The report encourages more investment in water?

The report has a complete section on the investment aspect. Obviously the current crisis will have impact of water. What we are saying is that water infrastructure is not to be neglected and that investment in water infrastructure is to be accelerated with parallel investment in implementation capability. Investing in sheer infrastructure is not sufficient; you have to provide the software in order to operate this infrastructure properly.
We are saying that in order to deal with the current crisis – including the food crisis, the increased need for energy, the need to deal with natural disasters – water infrastructure and governance are more important than ever. Investing in water provides benefits not only to the society but to the economy.

Does the report make recommendations for averting a water crisis?

This is not a prescriptive report. There are water crises around the world, but hydrology is local, meteorology is global. From this perspective, whatever happens globally, water problems emerge as local issues. If not resolved, they can expand and become regional issues or national conflicts and could turn into a global crisis. We have now water crises around the world but we are not talking about a global water crisis. We are warning against one if the existing crises are not addressed properly and if water is not made an integral component of broader decision making frameworks. An excellent example is the food sector. You may want to increase production, but if you don’t have the resources – irrigation water – you have a constraint. You cannot only resolve the food crisis - you create pressure on water resources that could turn into crisis.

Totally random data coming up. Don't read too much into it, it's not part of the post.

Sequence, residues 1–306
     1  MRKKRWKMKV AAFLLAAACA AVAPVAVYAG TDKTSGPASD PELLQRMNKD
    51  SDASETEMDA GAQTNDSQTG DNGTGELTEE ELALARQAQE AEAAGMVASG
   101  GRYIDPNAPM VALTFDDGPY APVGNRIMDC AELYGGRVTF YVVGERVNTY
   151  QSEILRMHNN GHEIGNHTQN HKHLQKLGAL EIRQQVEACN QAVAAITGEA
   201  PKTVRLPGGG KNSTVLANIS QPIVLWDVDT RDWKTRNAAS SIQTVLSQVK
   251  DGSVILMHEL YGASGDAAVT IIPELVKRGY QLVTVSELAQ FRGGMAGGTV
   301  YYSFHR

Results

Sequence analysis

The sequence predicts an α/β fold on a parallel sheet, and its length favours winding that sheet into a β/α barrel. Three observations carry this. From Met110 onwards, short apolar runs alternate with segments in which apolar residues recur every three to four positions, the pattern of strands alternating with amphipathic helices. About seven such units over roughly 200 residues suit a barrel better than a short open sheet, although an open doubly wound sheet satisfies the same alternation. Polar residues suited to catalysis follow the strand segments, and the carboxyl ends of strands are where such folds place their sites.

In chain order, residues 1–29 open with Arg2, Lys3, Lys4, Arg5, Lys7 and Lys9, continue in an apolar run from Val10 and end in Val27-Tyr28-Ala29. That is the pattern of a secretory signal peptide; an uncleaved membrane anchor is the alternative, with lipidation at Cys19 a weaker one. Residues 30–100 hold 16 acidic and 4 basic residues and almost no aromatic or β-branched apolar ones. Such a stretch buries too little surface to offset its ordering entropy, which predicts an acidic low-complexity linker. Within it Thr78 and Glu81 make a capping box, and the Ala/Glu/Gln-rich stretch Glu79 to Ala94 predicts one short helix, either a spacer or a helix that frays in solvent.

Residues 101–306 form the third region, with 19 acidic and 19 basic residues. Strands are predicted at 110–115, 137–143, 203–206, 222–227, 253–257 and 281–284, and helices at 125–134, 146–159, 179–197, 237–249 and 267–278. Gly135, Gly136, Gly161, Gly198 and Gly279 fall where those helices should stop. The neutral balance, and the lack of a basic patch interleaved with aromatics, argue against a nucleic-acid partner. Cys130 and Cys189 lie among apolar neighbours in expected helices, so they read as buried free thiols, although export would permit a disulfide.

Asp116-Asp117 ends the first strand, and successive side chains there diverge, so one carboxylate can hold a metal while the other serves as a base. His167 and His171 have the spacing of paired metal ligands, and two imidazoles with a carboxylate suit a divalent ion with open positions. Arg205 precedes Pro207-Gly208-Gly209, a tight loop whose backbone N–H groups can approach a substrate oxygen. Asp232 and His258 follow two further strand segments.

With increasing water scarcity, water becomes increasingly a political issue. Does the report address this aspect?